No sugar challenge week 3: it’s hard because it’s everywhere!
Bula! Bula! Hello! Hello! This post come to you all the way from Fiji where I’m learning some interesting and healthy ways to cook fish! The Fijian’s “Kokonda” is perhaps the most deliciously fresh way to eat fish – cooked in fresh lime juice, real coconut cream and complemented by a zesty salsa.
It’s reinforced how much better raw foods taste compared to processed stuff, and I cant wait to try this recipe at home! Stay tuned 😉
Anyway, no sugar challenge week 3. Three weeks without sugar. I’d be lying if I said it wasn’t tough. It’s difficult to cut out sugar for two reasons:
- I’m on holiday where wine and cocktails are plentiful!
- Sugar is in everything – even in ‘food’ you would never imagine to contain sugar.
It is incredibly frustrating. Tinned tuna (except in brine or olive oil), soy milk, rice milk, Jatz and other ‘savoury’ biscuits – they all contain sugar. Various forms of sugar, but sugar nonetheless. So, I have certain rules to follow.
I still have to say though, eating a diet low in sugar is far easier than following a low-fat diet. Not to mention its more natural. Think about it, we were eating steak, bacon and eggs long before we were eating biscuits, cake and Cheerios. In fact, sugar as we know it is only about 800 years old.
Sugar cane was discovered for its sweet taste by the Papua New Guineans about 9000 years ago. Sugar cane contains about 15% fructose by weight and, once refined and concentrated, is six times sweeter than an apple – the fruit we know to contain the highest amount of fructose than any other. Already alarm bells should be ringing – this is a huge increase in the amount of fructose our bodies were used to. By the mid-1200s sugar production was beginning to take off, but at $285 a kilo (by today’s equivalent) it was still an incredibly rare commodity. Even in the late 1800s the only way anyone could eat a significant amount of sugar was if they were the King or Queen of England. Skip forward to the year 2000 and Australia was producing 4.6 million tonnes of the sweet poison per year. Obviously, the increasing production of sugar saw a decrease in price and, hence, a greater presence in foods. Australians now consume about 40kg of fructose each year. Most nutritionists and dietitians would agree that each day we only need about the same amount of fructose contained in two pieces of fruit. If you think that sounds crazy, you should re-read this paragraph!
Although I’m eating a diet low in sugar, I’m aware now more than ever of the sugar that still slips past my lips. My soy milk and rice milk? They contain organic raw sugar and brown rice syrup (respectively). So, I’m going to make my own homemade almond milk. I’ve perhaps been eating too much fruit of late, so I will cut back to two serves a day and increase my vegetable intake instead.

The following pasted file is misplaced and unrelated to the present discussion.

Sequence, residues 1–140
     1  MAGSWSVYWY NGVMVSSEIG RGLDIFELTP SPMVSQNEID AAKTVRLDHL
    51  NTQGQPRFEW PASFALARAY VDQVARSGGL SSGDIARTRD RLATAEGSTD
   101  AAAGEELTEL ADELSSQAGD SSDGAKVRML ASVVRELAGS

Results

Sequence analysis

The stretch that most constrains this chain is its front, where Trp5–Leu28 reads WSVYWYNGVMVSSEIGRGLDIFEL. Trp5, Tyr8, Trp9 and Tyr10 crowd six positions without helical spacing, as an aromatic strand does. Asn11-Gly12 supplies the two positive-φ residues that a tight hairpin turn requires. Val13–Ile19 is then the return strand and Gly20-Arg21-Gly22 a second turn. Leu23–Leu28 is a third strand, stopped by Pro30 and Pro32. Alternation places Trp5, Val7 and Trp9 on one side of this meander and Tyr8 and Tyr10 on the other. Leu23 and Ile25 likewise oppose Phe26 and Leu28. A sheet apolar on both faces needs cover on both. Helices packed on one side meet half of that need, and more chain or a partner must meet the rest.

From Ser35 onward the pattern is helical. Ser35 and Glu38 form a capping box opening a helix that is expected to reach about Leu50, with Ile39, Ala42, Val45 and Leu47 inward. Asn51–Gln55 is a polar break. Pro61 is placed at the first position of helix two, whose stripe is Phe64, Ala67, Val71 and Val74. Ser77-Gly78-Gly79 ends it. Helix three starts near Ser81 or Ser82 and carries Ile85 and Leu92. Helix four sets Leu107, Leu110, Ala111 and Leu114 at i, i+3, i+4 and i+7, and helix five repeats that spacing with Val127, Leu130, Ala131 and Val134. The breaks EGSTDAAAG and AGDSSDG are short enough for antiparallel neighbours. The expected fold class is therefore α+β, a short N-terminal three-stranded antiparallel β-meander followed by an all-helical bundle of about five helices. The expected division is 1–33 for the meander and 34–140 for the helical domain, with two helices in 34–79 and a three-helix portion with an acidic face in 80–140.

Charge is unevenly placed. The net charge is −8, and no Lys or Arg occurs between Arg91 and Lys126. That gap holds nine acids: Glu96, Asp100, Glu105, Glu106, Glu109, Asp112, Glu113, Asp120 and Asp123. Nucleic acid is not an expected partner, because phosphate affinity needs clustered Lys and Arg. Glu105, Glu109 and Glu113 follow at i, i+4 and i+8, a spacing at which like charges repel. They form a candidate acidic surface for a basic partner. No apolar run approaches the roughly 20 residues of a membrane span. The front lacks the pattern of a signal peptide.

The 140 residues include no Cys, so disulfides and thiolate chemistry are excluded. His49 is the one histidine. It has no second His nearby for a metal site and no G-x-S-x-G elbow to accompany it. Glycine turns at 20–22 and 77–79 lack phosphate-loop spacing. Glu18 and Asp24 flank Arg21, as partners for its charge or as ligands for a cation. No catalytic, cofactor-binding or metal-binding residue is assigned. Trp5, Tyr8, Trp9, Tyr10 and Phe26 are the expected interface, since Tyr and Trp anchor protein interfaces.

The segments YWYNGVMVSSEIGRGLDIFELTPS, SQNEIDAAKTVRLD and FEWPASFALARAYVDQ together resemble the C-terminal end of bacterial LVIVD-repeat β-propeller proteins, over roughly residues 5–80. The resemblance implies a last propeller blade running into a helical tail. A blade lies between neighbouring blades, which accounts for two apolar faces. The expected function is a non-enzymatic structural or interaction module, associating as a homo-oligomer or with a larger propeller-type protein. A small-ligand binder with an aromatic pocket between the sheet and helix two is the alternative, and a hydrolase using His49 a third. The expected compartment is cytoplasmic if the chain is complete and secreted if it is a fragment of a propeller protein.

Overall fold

As you will see in the table below, I’ve been drinking more alcohol too. And my body can tell. I’ve been feeling less energised, more irritable, and despite ongoing daily exercise my body is not near as lean as it was last week. On a positive note, my nails are looking stronger (possible side effect of lowered sugar intake? Im not sure).
And actually, entertaining is far less stressful when you’re eating low sugar compared to being concerned by low fat foods. Check out the Bruscetta, lobster mornay and salad I served up to friends this week:
So, holiday or no holiday, let’s do this. Bring on week 4! This challenge is so worth it.
What I ate for breakfast, lunch, dinner and snacks:
|Oats (1/2 cup) with rice milk (1 cup), blueberries, blackberries, pecans and cinnamon + 1 cup green tea||Oats (1/2 cup) with rice milk (1 cup), blueberries, blackberries, pecans and cinnamon + 1 cup freshly squeezed orange juice (3 oranges)||Poached eggs (2), 100gm smoked salmon and 1/2 avocado||Oats (1/2 cup) with rice milk (1 cup), blueberries, blackberries, pecans and cinnamon + 1 cup freshly squeezed orange juice (3 oranges)||Oats (1/2 cup) with rice milk (1 cup), blueberries, blackberries, pecans and cinnamon + 1 cup green tea||Poached eggs (2), short cut bacon (2), tomato and mushroom||Boiled egg (1), bacon (2 rashers), 1/2 tomato, 1 sml slice watermelon, 2 sml slices pineapple, 1/2 passion fruit + 1 cup green tea|
|Soy latte and protein balls (2)||Soy latte and protein balls (2)||Soy latte and protein balls (2)||Soy latte and sml handful of almonds||Soy latte and sml handful of almonds||Black coffee and sml handful of almonds|
|Tuna, cheese, cucumber, tomato and lettuce on Mountain bread (rice flour)||Tuna, baby spinach, red onion, cucumber, beetroot, mung bean, feta and walnut salad with lemon vinaigrette||Brown rice, tuna, broccoli, carrot, button squash with balsamic vinegar and olive oil||Poached eggs (2), 100gm smoked salmon and 1/2 avocado||Tuna and sml portion of last night’s salad||Skipped – unintentional!||chicken (2 pieces), small piece fish, white rice, 2 Sml slices apple, 1/3 banana|
|Sml handful of almonds + 1 cup green tea||1 cup green tea||200gm Greek yoghurt + 2 passion fruit||Tuna (95gm tin), sml handful cashew nuts + vodka, lime & soda||1 white rum, lime and soda|
|Lamb loin chops (2), brown rice, raw. Carrot + steamed zucchini||Healthy chicken burritos||Grilled haloumi with eggplant, capsicum, zucchini and mushroom with balsamic vinegar + 2 glasses white wine||Bruscetta, lobster mornay, salad + 1 glass white wine||Seared chicken breast, bacon, cheese, tomato, lettuce*||“Kokonda”^ (pictured)||Lobster and avocado salad (shared) + black sesame tuna, spinach and mirin sauce|
|Mango and raspberry gelato||Sml handful of pistachios||1 cup green tea|
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